2008 - United States - 114 minutes
Director - Jeffrey Nachmanoff
Writer - Jeffrey Nachmanoff from a story by Steve Martin
My Rating - 5 of 5 Stars
Most spy/espionage/terrorist films are so unrealistic as to be almost laughable albeit entertaining. The good guys are always totally good, and the bad guys are always totally bad, and no matter how much physical contact they have, they never show even as much as a bruise in the next scene. Traitor is not your typical film of this genre. The good guys are not all good, the bad guys are not all bad, and they bruise and bleed as do normal men.
The film begins with a young Samir Horn witnessing the bombing death of his father. It is never known why his father was murdered but one assumes the motive was either political or religious. Time has passed and Samir has become a black market dealer in the Middle East. He is arrested and imprisoned with several members of a terrorist group. They escape, and Samir joins the group. Because he has lived in the United States for most of his life and speaks with no accent, he is chosen to be sent to the US to help organize a massive terrorist attack using suicide bombers - members of sleeper cells who have been embedded in the country for many years. Samir has come to the attention of the FBI, and the security community is attempting to track his movements.
Viewers of Traitor are treated to a realistic and insightful look into the actions and personalities of all of the participants in this international conspiracy. One of the elements of this film that impressed me is that there are no duplicitous characters lurking in the background. There are spies that have worked themselves into all the organizations, but none is one of those cookie-cutter characters that show up so often in films of this ilk - the megalomaniac who performs acts of treachery due to his overblown opinion of himself.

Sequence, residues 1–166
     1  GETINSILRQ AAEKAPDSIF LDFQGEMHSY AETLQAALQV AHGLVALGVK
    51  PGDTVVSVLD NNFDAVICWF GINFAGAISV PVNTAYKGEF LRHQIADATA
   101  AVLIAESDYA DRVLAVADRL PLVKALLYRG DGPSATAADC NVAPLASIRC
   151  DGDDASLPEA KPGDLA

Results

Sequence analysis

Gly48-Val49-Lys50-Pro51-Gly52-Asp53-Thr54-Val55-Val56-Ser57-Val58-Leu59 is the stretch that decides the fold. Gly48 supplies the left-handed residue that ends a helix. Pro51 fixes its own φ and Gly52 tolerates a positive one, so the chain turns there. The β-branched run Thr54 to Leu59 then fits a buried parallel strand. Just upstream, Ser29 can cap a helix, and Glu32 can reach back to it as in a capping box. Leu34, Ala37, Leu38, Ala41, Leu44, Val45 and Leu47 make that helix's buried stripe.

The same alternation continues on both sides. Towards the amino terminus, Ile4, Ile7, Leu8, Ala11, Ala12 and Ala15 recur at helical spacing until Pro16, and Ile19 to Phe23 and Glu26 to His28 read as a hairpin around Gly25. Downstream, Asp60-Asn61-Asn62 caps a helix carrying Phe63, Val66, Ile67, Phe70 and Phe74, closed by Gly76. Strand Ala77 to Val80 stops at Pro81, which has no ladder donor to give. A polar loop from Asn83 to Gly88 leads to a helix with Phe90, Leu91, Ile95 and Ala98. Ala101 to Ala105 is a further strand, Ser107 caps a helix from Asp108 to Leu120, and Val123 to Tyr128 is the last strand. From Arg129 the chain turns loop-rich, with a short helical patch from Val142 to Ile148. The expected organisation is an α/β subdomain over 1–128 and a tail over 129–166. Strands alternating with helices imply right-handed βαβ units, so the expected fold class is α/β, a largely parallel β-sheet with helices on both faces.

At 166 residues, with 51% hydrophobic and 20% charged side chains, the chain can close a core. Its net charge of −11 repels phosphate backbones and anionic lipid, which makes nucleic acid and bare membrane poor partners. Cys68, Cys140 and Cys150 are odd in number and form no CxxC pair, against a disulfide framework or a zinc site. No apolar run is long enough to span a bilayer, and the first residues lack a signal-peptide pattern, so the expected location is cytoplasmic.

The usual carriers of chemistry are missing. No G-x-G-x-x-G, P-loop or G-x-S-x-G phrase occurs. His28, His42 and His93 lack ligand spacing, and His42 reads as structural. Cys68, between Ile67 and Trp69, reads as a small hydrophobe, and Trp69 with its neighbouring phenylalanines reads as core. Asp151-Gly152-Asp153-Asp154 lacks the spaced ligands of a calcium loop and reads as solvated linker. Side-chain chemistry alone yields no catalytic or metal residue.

The superior acting and excellent script make Traitor a film to be thoroughly enjoyed and pondered. You actually have to think about the characters’ motives and actions in order to gain the full benefit of viewing.
Don Cheadle as Samir the traitor, and Guy Pearce as the FBI agent searching for Samir are needless-to-say, first-rate in their portrays of two strong-willed and intelligent men. These two actors never give the audience less than sublime entertainment in any of their performances, and the ones in Traitor are no exceptions. They are mightily supported by a number of other excellent actors. Saïd Taghmaoui plays Omar who is Samir’s contact man amongst the terrorists. He shows us a man who would generally be painted as totally evil who is actually just a man dedicated to a cause in which he believes. There is also a rewarding understated performance by Neal McDonough as the assistant FBI agent. McDonough has lately fallen into the trap of playing a total nutcase hiding behind a handsome face and those extraordinarily piercing eyes. He is a, somewhat, loose cannon in this film, but under control. It is a very good part for him.
It seems more reasonable to classify Traitor as an exciting drama rather than an action flick. There is action, and the climatic scenes bring you to the edge of your seat - one a rewarding dose of very black humor. But it is the drama and insight into the complex characters that make Traitor a highly rewarding film.
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